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Newly-elected Speaker Jason White pleads with House colleagues to keep an open mind, work across political lines

Republican Rep. Jason White of West won the election on Tuesday to become the new speaker of the House of Representatives, ushering in a new chapter of political power at the Mississippi State Capitol.

The 122-member chamber unanimously elected White by acclamation, and he was the only person nominated for speaker. His election to one of the most powerful positions in state government was not a surprise, but it still represents a shift in legislative politics.

“I look forward to working with all of you for the betterment of Mississippi,” White said in a speech to the House on Tuesday. “Many of us here, we see things from very different perspectives, different viewpoints. But I also know we love this state and want to do what’s best, what’s right for her people.”

White, 50, was first elected to the House in 2011 as a Democrat, but he quickly switched to the Republican Party the following year. He represents portions of Attala, Carroll, Holmes and Leake counties and previously led the House Rules Committee and the House Management Committee. 

The new speaker replaces Philip Gunn, a Republican from Clinton, who announced last year that he would not seek another term for his House seat. White was one of Gunn’s top lieutenants and most trusted advisers over the past three terms.


The speaker is not a statewide office position, but it carries power and influence similar to a statewide post. The speaker appoints committee leaders in the House and helps drive policy decisions during a legislative session.

One of the largest questions looming over the 2024 legislative session and now White, who represents a rural district, is if he will openly push for the Republican-dominated chamber to consider expanding Medicaid coverage under the Affordable Care Act to the working poor who do not have health insurance.

White has expressed in blunt terms that the state’s Republicans have not had a frank and open discussion about Medicaid expansion.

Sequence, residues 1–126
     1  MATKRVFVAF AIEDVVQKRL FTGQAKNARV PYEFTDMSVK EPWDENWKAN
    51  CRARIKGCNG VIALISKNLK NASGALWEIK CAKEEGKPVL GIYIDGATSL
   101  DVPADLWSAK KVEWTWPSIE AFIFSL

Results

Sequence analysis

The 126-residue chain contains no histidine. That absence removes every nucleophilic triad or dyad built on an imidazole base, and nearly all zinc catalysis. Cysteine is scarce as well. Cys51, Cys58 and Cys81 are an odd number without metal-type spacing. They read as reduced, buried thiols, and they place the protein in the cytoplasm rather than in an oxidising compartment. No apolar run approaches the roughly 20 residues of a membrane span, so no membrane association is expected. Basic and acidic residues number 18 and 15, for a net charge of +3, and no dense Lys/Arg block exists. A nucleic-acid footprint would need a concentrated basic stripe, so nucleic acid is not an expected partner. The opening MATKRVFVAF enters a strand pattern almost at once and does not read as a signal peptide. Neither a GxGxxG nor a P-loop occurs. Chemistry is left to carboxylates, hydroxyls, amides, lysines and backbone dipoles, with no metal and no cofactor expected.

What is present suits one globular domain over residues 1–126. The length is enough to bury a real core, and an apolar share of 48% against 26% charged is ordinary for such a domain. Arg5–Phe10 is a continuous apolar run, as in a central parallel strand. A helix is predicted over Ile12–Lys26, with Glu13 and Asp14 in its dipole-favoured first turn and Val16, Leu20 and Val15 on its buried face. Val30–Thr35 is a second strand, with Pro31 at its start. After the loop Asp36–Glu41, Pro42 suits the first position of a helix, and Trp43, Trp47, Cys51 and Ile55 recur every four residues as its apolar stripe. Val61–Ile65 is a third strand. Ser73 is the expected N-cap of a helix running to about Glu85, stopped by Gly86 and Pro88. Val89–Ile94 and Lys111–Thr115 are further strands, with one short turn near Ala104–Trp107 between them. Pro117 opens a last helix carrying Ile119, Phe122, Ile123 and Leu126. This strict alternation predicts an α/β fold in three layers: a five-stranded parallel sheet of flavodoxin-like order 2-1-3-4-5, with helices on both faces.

In his speech to the House members on Tuesday, White told his colleagues to keep an “open mind” when examining Mississippi’s health care system, whose rural hospitals have consistently eliminated services and raised alarm bells on their long-term survival. 

Still, the new speaker stopped short of backing a specific proposal for addressing the health care crisis. He did, however, appear to get out in front of some anti-expansion rhetoric.

“We need to find ways to ensure that the folks who are working have some basic level of health care that keeps them in the workforce and out of the emergency room,” White said. “I’m not talking about a government handout. I’m talking about provider-led solutions that the state will foster and facilitate.”

Other policy priorities the speaker outlined were changing portions of Mississippi’s public school funding formula, generally reducing government spending, and reforming the way the Legislature writes the state budget. He vowed to allow members the chance to read each and every budget bill before they were asked to vote on them — a standard practice in the Capitol for the past several years.

White’s address to the House chamber represents a notable break from the past 12 years of Gunn’s speakership, who became notorious for his tight grip on legislative decisions and using his power to ram legislation through the Capitol.

“Now, it’s time to be here,” White said. “What does that mean? That means working with your colleagues in the House both within your caucus and across the aisle. That means considering ideas and positions you may not have considered or thought through before.” 

The Democratic members did not put a candidate forward for speaker or contest White’s nomination, and many Democrats stood on Tuesday for an extended ovation following White’s speech.

Rep. Robert Johnson III, a Democrat from Natchez who is expected to become the House Minority Leader, told Mississippi Today that he believes the Democratic caucus will have a good working relationship with White, though Johnson still has questions about some of White’s policy proposals.

“Jason has always been open and honest,” Johnson said. “I’m encouraged, and I think we’ll work well together.” 

The House on Tuesday also elected Rep. Manly Barton, a Republican from Moss Point, to serve as the speaker pro tempore, who presides over the House when the speaker is absent and often serves as a key advisor to the speaker. 

Barton was first elected to the House in 2011 and sworn into office in 2012. He represents portions of George and Jackson counties and previously chaired the House Local and Private Committee.


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